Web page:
The book is essentially a conversation between two men on their way to shul. One is sort of simple-minded: he doesn’t believe in evolution, and his beliefs correspond largely to typical frum beliefs. The other guy reads a lot and has lots of information and questions about these beliefs. He basically spends the entire book trying to convince his friend about the weaknesses in his frum outlook.
There were a number of things I liked and did not like about the book. It reminds me of Rabbi Avigdor Miller’s books, as some of those are also in the conversation format. I enjoyed some of R’ Miller’s books, and while some of Miller's science and ideas are simplistic, I found the format somewhat captivating. At its best, this format is more engaging and flows well; at its worst, this format can mask poor writing and saves the writer the trouble of coming up with other ways of making the story flow smoothly.The thing I probably like most about the book is the range of ideas covered in the book. The skeptical friend is very well-read and touches on a wide variety of subjects, from the Argument from Poor Design, to the Anthropic Principle to hybrid vigor. A lot of subjects are discussed, and it is an excellent compilation of arguments against the beliefs of Orthodox Judaism. The skeptical guy does believe in God and considers himself a part of the Orthodox community, yet his beliefs and interests seem well outside those of the Orthodox mainstream.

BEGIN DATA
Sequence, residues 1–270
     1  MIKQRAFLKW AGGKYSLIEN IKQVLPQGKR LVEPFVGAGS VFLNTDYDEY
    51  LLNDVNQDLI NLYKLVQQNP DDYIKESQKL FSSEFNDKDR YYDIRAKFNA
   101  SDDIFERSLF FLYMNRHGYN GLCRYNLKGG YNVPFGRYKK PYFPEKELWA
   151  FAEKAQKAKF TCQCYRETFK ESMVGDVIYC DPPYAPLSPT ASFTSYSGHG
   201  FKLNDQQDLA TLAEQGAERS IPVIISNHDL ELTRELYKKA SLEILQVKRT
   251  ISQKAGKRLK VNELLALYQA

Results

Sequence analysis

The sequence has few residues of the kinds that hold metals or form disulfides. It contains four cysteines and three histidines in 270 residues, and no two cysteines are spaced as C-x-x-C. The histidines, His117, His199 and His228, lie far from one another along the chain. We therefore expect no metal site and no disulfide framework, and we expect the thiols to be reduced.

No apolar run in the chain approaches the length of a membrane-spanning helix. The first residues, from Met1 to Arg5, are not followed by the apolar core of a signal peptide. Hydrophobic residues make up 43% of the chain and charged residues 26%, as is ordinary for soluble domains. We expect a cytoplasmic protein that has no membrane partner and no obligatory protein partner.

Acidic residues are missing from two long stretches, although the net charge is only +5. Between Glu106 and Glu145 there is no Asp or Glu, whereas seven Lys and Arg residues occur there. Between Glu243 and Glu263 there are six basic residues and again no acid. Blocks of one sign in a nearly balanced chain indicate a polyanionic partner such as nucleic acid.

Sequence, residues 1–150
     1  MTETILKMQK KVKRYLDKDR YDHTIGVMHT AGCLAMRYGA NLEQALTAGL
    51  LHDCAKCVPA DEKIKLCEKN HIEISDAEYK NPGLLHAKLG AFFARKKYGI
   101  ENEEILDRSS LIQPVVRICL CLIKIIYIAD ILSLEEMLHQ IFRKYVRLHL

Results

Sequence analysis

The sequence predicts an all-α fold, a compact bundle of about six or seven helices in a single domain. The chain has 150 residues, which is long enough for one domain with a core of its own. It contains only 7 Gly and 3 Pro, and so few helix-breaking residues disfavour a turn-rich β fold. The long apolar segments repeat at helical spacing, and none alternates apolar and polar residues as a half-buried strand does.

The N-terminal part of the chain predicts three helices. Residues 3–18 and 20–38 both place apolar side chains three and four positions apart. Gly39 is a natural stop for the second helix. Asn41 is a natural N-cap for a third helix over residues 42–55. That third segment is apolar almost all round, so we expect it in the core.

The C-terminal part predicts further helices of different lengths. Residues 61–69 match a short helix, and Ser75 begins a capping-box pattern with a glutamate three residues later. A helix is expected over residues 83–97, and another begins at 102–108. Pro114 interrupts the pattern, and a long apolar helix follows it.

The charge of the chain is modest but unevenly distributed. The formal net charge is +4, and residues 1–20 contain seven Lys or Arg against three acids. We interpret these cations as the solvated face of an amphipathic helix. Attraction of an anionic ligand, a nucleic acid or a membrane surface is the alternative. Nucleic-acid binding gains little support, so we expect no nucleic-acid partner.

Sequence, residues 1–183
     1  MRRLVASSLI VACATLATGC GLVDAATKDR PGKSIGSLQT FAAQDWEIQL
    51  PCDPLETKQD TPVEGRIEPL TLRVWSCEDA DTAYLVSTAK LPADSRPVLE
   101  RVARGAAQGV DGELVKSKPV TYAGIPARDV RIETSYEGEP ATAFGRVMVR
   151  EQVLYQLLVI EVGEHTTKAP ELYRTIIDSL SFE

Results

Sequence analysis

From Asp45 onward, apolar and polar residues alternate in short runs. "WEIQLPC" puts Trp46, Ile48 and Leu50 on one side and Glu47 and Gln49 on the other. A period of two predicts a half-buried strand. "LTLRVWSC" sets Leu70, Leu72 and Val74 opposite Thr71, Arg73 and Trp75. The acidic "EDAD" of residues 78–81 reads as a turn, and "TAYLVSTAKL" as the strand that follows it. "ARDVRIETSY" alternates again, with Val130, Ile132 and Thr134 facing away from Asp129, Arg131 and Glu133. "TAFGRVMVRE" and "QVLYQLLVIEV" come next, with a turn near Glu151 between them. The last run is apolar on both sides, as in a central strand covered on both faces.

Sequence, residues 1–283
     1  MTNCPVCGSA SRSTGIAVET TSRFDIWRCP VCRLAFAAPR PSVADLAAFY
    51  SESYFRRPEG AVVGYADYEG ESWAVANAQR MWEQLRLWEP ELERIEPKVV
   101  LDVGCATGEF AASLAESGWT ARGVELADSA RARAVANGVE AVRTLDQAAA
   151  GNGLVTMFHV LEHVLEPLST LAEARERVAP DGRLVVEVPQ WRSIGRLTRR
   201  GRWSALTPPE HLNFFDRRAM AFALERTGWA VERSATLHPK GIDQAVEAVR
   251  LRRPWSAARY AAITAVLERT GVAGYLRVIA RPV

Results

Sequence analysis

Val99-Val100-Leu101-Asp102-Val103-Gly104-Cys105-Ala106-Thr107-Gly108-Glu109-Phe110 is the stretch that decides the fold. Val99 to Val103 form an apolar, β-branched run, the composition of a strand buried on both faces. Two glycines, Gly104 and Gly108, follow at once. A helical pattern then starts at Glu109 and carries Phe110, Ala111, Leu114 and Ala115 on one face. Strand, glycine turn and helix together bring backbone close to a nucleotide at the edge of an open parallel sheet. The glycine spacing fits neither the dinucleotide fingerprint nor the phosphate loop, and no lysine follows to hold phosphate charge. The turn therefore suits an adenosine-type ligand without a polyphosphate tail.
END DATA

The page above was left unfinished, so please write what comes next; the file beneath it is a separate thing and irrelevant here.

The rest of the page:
One thing I would have liked to see more of in the book is a more thorough discussion of arguments against Orthodoxy from a non-scientific perspective. A more full discussion of morality would have been welcome, as well as a more thorough treatment of suffering and pain in this world and how that relates to belief in God. There was some discussion of the Holocaust, and a very brief discussion of morality. I would have loved to have seen a lot more on these topics, especially on morality.
It was an interesting read. A lot of arguments against a worldview are condensed in one thin volume, the author strikes a nice balance of original opinions together with traditional tendencies, and the words flow rather nicely. A welcome addition to the skeptic’s library.